Spring 2020 - HUM 309 D100

Literatures and the Arts Across Cultures (4)

Class Number: 5415

Delivery Method: In Person

Overview

  • Course Times + Location:

    Th 1:30 PM – 5:20 PM
    WMC 3255, Burnaby

  • Instructor:

    Edward Surman
  • Prerequisites:

    45 units.

Description

CALENDAR DESCRIPTION:

An interdisciplinary study of literary texts in translation and/or art forms across cultures and periods. Students with credit for HUM 381 or 382 under this topic may not take this course for further credit. Breadth-Humanities.

COURSE DETAILS:

Making Monotheism: The Role of Literary, Performing, and Visual Arts in the Development, Spread, and Perception of Monotheism across Cultures.

This course considers the role of Literature and the Arts in the generation, spread, and social construction of the category of religions called Monotheism across cultures and time. We will use digital qualitative data analysis approaches to examine the ways in which literary, performing, and visual art has been deployed to define the concept of Monotheism. By close- reading texts, recordings, and images, we will produce quantitative data to support our analyses of these artifacts. Class meetings will include lectures, skills-based workshops, and reading discussions.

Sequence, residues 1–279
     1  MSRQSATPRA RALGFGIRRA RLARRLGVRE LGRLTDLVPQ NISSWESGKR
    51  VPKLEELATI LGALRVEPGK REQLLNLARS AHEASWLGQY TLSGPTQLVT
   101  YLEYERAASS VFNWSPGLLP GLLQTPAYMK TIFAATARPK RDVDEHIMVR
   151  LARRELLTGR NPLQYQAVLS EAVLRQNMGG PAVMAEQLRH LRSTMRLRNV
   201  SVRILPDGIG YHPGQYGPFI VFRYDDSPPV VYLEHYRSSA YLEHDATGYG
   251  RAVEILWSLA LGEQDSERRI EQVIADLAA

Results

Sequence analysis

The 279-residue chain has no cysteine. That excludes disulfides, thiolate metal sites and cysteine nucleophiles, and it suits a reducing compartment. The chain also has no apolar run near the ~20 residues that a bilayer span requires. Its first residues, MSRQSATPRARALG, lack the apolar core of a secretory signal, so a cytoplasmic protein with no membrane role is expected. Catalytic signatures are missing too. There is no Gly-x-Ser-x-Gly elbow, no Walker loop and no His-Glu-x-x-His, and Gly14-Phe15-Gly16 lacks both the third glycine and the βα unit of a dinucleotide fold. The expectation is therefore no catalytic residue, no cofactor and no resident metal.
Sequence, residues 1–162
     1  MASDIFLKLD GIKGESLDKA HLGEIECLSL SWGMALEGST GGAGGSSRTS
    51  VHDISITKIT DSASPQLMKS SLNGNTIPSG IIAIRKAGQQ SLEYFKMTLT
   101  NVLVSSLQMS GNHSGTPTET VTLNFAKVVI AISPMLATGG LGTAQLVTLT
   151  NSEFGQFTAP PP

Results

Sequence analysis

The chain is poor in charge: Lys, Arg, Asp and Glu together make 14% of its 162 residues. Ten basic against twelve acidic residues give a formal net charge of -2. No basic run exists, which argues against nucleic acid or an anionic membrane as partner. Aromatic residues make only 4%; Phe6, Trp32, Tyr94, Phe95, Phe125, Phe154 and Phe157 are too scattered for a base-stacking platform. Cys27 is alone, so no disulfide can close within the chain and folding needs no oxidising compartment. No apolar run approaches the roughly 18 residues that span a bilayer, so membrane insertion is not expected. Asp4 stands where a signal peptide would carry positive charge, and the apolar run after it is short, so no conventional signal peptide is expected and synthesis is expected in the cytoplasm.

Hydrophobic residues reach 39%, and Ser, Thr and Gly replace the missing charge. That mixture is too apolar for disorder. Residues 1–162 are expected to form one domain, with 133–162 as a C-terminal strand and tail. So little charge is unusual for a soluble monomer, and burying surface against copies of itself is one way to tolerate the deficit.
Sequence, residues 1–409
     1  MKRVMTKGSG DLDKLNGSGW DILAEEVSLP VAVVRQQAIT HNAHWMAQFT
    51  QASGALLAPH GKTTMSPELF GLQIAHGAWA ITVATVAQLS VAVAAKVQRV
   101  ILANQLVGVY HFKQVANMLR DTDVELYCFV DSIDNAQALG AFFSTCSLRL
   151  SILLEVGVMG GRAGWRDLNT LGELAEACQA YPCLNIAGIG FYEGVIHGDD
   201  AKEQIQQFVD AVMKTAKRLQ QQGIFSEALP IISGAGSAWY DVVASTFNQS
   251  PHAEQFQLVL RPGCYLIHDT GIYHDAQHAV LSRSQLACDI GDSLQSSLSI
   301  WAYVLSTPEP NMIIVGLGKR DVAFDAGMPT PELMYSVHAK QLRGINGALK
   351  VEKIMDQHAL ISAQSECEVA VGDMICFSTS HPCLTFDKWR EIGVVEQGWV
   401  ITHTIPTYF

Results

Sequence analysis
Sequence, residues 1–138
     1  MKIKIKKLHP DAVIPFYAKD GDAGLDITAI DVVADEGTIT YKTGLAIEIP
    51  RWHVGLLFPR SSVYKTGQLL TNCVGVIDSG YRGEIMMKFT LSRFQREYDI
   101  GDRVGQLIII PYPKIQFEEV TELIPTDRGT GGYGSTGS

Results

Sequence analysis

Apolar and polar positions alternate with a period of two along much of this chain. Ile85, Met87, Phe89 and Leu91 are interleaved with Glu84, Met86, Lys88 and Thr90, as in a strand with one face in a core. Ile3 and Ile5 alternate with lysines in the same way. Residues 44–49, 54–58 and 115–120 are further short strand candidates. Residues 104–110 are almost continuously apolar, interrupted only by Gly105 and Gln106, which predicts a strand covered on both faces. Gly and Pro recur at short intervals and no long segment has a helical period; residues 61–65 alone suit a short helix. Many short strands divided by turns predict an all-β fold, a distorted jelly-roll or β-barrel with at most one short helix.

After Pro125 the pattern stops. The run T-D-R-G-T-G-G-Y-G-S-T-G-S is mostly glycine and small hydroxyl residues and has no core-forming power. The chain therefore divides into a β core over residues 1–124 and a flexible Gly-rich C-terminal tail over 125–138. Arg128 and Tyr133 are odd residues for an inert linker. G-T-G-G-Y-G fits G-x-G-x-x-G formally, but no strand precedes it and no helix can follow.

Grading

  • Attendance 10%
  • In Class Writing Assignments (10) 20%
  • Reading Question Assignments (5) 25%
  • Qualitative Digital Text Analysis Question Assignments (5) 25%
  • Digital Essay Final Project 20%

Materials

MATERIALS + SUPPLIES:

Access to Atlas.ti qualitative data analysis software
(single semester and two-year student licenses available at https://atlasti.com/students/)

REQUIRED READING:

All readings will be provided by instructor

Registrar Notes:

SFU’s Academic Integrity web site http://www.sfu.ca/students/academicintegrity.html is filled with information on what is meant by academic dishonesty, where you can find resources to help with your studies and the consequences of cheating.  Check out the site for more information and videos that help explain the issues in plain English.

Each student is responsible for his or her conduct as it affects the University community.  Academic dishonesty, in whatever form, is ultimately destructive of the values of the University. Furthermore, it is unfair and discouraging to the majority of students who pursue their studies honestly. Scholarly integrity is required of all members of the University. http://www.sfu.ca/policies/gazette/student/s10-01.html

ACADEMIC INTEGRITY: YOUR WORK, YOUR SUCCESS